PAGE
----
FLSA Audit Checklist
Written by Gina Loredo, Esq.
The Fair Labor Standards Act (FLSA) establishes federal minimum wage, overtime pay, child labor, and record-keeping standards. The rules and regulations set out by the FLSA are enforced by the Wage and Hour Division of the Department of Labor. They have the authority to investigate an employer’s policies and procedures and conduct employee interviews in order to determine the employer’s compliance with federal employment and labor regulations.
Violations of the FLSA can have civil and criminal consequences for an employer. Employment discrimination or violations of child labor provisions can be prosecuted criminally and include fines up to $10,000. Employers who willfully or repeatedly violate minimum wage or overtime pay requirements are subject to civil fines up to $1,000 for each violation.
In order for an employer to ensure proper compliance and stay out of trouble, regular compliance FLSA audits should be conducted internally. Below is a checklist of records that should be carefully reviewed during such audits:
For each Non-Exempt Employee, in addition to personal and biographical information that must be regularly recorded in the employment context, the following payroll records must be regularly tracked:
- Time cards;
- Piece work tickets;
- Time and day of the week that employee’s workweek begins;
- Regular hourly pay rate;
- Hours worked each day and total hours worked each week;
- Daily and weekly regular wages;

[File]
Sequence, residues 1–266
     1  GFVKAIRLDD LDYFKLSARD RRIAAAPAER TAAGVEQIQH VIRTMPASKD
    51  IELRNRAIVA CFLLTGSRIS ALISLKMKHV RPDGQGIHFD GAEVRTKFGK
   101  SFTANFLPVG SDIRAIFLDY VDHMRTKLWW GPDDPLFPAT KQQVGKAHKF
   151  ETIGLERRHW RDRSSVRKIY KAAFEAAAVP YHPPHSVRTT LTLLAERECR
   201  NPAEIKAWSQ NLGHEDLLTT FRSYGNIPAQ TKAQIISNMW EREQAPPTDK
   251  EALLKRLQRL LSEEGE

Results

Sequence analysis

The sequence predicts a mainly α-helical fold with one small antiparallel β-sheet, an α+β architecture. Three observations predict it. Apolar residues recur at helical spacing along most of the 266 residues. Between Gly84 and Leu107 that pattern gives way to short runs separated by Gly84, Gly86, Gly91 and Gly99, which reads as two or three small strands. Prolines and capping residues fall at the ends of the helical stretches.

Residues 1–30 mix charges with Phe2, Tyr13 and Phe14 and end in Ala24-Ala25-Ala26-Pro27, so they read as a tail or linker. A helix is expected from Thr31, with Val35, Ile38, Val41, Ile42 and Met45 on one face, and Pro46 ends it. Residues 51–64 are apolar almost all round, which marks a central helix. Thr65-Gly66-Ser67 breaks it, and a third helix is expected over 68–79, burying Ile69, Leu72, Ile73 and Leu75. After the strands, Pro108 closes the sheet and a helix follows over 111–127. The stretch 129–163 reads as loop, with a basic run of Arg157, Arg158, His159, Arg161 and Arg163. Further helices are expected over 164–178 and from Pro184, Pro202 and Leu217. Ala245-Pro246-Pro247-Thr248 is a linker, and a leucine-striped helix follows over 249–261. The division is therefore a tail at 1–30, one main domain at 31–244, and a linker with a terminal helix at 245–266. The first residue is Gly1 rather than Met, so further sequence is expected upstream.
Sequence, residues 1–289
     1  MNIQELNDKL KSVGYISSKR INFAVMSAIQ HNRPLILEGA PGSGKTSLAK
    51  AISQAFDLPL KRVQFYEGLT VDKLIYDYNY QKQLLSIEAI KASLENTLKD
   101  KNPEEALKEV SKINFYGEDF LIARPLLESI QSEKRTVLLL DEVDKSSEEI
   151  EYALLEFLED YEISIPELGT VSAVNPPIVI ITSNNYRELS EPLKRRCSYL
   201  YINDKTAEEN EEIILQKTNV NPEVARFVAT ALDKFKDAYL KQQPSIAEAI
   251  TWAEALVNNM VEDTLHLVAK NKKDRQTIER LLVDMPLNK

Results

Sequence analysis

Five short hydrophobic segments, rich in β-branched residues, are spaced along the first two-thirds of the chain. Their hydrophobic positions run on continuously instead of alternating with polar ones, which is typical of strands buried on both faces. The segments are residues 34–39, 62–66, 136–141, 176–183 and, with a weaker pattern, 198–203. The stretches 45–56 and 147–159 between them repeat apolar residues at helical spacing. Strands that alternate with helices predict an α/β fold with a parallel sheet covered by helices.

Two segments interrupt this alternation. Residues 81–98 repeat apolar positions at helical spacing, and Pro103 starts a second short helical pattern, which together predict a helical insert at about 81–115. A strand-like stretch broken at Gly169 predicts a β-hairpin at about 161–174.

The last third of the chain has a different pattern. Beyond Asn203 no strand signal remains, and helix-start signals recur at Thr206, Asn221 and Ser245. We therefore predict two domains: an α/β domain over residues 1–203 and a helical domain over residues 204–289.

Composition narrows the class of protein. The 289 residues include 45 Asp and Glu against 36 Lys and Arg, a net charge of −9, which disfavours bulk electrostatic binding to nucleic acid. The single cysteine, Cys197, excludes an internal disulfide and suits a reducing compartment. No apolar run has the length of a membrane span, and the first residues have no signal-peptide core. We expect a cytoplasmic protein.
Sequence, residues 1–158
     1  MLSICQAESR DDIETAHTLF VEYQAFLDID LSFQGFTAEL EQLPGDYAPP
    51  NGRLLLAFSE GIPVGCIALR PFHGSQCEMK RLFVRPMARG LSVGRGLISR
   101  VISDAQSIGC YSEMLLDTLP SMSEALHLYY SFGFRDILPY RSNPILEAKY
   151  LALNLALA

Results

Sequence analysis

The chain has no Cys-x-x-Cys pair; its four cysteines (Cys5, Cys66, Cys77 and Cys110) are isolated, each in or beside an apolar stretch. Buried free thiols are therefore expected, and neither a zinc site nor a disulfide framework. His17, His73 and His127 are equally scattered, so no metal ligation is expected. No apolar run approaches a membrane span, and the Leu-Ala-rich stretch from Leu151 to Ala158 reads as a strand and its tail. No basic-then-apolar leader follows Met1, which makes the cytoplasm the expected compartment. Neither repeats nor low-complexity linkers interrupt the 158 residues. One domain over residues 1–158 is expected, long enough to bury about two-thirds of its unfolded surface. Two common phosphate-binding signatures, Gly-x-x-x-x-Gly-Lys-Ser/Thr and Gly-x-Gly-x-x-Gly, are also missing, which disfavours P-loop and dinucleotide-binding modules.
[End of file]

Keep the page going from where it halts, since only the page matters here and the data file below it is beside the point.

- Weekly overtime wages;
- Total wages paid each pay period;
- Dates of payments and the pay periods covered by the payment;
- Deductions from wages; and
- Any additions to wages.
For each exempt employee, in addition to the personal and biographical information as described above, the following information must be regularly tracked:
- Confirmation that exempt classification is proper
- Verify that employee’s job duties fall into the positions set forth by the FLSA as qualifying for exempt status
- Ensure that the job descriptions are up to date.
- A salaried employee is paid at least $684.00 per week.
- Keep track of total wages paid each pay period; and
- The date of payment and the pay period covered by the payment
- Make sure that paycheck deductions are appropriate and permissible under the FLSA.
The preservation of records reflecting the above information is crucial for employers to protect themselves in the event that a dispute arises. An employee's payroll records should be kept and ready for inspection for at least three years.
In situations where an employer has independent contractors or consultants providing services to them on a regular basis, it is necessary that legal review be conducted to ensure that they are being properly classified as non-employees. It is also important for employers to be aware of their state’s wage and hour laws, as some can preempt the FLSA and must be complied with.
We understand the complexities that arise from FLSA disputes. Our firm is here to help with your employment law matters as well as any corporate or commercial law issues. We offer both in-person and virtual consults, please feel free to call our office at 305-460-0145 to schedule a consultation or click here.